Of course, this is hardly a long-term effect. More bankruptcies, mergers, and acquisitions will ensue. Ultimately, the market will rebalance with fewer players and the price will drift higher.

But there is going to be some pain from the “creative destruction” under way.

Investors need to understand that making money in the current energy sector has nothing to do with waiting for oil to return to $100 a barrel. This is all about identifying those companies that are going to maintain and increase market share.

That will be taking place well before the price of oil begins to accelerate.

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  1. Doug H
    November 12th, 2015 at 13:46 | #1

    Today’s unsustainable low oil price against the back drop of hard investment losses means that production will fall after a predictable 18 month death struggle. As a long time producer/operator, let me emphasis that we are producing oil from investments which have already taken the hit. As expected, oil production won’t drop as due to the change of value economics when costs of implementation are no longer considered in mergers, fire sales and picking up abandoned production for the price of equipping or turning on the electric power. Yet, someone has taken the losses. As we near the 18 month mid stage 2015 crash cycle, year-end losses will soon continue their shock and awe, as in the past. Our banks will suffer, our institutional investors/managers will find themselves as oil tycoons managing fields far from their desks in NYC with the goal of doing all they can to maintain production and keep leases current while the skeleton crews do just enough to maintain a graceful slide in production. The service companies are getting what they deserve as they have found that ripping off the small producers in good times is a right of passage. The big service boys just act like innocent bystanders as they lay off hundreds of thousands of their human fodder field personnel without delay. Having just attended a speech by the SPE President, Nathan Meehan, he pointed out that there is little that has actually changed in our work and recovery. And if you are hoping for the magic pill, there isn’t one. There is NO technology that can facilitate current low prices in the US, nor is there a technology that innovates larger recoveries of any consequence.
    Ultimately, demand will outstrip supply, it always does. There will be little different in this crash. The real hope for long term planning is to have an Energy Policy that tackles our vital National Security interests. It cannot be based on an energy policy that depends upon buying cheap oil from an unfair competitor in the middle east. Our second hope is that we find massive domestic resources in a new US province that will offer billion barrel fields in numbers we haven’t seen in the USA. Possible? Look west. Utah is within a few years of sending shock waves that will be felt throughout the world.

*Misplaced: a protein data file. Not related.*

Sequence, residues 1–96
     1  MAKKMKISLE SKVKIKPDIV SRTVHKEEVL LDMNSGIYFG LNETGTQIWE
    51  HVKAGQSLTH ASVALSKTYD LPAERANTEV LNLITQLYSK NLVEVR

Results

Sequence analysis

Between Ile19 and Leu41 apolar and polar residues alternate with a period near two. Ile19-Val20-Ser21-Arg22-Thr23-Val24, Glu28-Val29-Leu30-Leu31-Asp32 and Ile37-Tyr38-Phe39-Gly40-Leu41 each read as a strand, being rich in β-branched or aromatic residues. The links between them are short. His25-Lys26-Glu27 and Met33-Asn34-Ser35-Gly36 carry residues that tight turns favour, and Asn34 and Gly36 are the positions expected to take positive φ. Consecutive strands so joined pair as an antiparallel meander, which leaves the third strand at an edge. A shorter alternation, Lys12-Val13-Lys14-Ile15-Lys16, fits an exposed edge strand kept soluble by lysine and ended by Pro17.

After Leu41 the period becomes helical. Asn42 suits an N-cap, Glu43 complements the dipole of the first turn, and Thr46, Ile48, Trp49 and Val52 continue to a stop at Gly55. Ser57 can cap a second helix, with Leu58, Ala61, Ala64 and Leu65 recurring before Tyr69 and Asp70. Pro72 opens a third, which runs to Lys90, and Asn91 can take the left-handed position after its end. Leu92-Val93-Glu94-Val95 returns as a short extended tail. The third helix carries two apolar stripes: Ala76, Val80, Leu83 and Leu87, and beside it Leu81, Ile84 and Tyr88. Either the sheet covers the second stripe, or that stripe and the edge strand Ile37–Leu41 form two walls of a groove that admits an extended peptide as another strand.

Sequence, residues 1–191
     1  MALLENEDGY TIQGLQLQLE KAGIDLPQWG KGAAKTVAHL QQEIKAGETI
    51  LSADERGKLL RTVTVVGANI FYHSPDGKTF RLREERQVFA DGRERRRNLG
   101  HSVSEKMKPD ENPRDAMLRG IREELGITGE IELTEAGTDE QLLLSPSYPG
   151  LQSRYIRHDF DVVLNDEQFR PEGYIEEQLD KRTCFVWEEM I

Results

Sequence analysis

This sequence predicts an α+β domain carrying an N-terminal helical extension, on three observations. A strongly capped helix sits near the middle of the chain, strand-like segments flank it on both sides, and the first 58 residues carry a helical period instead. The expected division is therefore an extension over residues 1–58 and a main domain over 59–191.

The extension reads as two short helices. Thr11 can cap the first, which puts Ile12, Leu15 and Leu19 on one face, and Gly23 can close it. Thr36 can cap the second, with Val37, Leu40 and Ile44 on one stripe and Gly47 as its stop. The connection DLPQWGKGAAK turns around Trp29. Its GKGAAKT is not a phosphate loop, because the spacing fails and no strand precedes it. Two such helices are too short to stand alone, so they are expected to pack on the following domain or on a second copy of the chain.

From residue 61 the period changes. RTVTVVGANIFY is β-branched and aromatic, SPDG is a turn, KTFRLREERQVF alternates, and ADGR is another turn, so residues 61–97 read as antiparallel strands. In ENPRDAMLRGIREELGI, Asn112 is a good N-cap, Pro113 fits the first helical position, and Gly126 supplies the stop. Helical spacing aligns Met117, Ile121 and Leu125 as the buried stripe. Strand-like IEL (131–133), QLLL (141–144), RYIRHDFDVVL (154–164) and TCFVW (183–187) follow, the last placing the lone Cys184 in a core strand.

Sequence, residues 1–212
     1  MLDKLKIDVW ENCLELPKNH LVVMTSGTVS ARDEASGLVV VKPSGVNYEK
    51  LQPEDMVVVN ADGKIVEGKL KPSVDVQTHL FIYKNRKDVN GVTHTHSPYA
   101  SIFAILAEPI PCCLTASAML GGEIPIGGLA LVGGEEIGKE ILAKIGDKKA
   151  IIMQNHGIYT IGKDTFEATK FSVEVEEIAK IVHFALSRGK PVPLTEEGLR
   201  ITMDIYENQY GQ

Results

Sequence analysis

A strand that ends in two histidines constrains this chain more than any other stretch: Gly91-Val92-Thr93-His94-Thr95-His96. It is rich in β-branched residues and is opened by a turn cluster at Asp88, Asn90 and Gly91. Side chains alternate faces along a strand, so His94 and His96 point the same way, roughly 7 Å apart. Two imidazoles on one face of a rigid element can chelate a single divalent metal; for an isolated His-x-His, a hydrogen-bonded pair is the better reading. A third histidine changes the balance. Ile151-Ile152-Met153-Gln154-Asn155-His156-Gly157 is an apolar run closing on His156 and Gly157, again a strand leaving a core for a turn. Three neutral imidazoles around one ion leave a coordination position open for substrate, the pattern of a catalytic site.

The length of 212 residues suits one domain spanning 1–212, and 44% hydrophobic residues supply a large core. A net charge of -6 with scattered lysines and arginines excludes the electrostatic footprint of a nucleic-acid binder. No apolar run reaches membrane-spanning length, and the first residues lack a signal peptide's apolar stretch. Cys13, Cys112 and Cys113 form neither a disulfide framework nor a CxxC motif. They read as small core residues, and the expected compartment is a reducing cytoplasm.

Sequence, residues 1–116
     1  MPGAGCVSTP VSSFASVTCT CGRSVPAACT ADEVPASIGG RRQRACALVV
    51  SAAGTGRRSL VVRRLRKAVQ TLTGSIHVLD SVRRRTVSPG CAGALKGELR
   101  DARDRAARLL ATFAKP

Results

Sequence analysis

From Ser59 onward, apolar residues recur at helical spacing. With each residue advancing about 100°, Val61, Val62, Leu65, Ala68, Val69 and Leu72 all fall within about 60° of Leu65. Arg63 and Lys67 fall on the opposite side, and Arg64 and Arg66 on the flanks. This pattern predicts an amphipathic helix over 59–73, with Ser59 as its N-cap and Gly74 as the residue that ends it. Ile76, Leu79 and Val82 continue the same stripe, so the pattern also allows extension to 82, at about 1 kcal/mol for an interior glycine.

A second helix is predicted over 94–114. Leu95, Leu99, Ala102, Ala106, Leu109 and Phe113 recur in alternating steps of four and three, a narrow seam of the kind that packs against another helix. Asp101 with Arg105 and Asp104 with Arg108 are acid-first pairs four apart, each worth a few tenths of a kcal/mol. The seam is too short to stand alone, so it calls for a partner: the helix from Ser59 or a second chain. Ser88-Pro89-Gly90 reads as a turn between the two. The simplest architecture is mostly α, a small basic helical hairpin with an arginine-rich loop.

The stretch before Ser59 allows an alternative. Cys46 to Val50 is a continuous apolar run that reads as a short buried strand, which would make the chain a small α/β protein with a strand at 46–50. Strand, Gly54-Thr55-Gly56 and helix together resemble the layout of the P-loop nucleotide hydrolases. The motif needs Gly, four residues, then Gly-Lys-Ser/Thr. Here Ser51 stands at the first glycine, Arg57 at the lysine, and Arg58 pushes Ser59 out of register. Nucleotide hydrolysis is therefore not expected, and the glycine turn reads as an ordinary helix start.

2. November 12th, 2015 at 21:02 | #2

    No body talks about an energy policy that protects American oil! How about a $10 per barrel tariff on imported oil. giving the us some added revenue and protecting domestic oil.

  3. Ed M
    November 12th, 2015 at 21:52 | #3

    Ok so how can we identify those companies? It’s hard to believe that p/e analysis or similar metrics are going to tell us. It would appear that one needs to know a lot about what techniques they are using , what there cost of production will be going forward etc. do you have an advisory service that does that analysis? One example of how somebody can be fooled is investing in a company who has a big cash hoard but has only hard to get oil. Their future prospects would be bleak.

  4. Tyson Vantrease
    November 15th, 2015 at 13:26 | #4

    I’m going to take advantage of these huge lay offs in Houston if I get laid off I will go straight to University of wherever and get my degree in anything that would further me up the corporate oilfield ladder. I will come out ahead living and going to school on campus. I’d trade in my V8 for a scooter and better my self and my career for future oilfield work.

  5. radha reddy Hindi
    November 17th, 2015 at 06:37 | #5

    sir, firstly the only energy/oil sector that is doing well here is lubricants. I think oil derivatives space like lubricants, grease will do well as every vehicle electric or gas needs lubricants!
    secondly, there is a ugly dichotomy shaping the financial markets since 2012. Asset/commodity prices are falling but yet all consumer foods and services prices are shooting up. i have several examples from across the globe. For example, in our country despite record crop productions year after year the three essential pulses we put on our dining table are now costing more than beef/chicken prices! in one year prices have shot up 150% to 200%. in ten years we have seen about 600% rise in prices of pulses. That is how these hedge funds and their cronies are making money across the globe!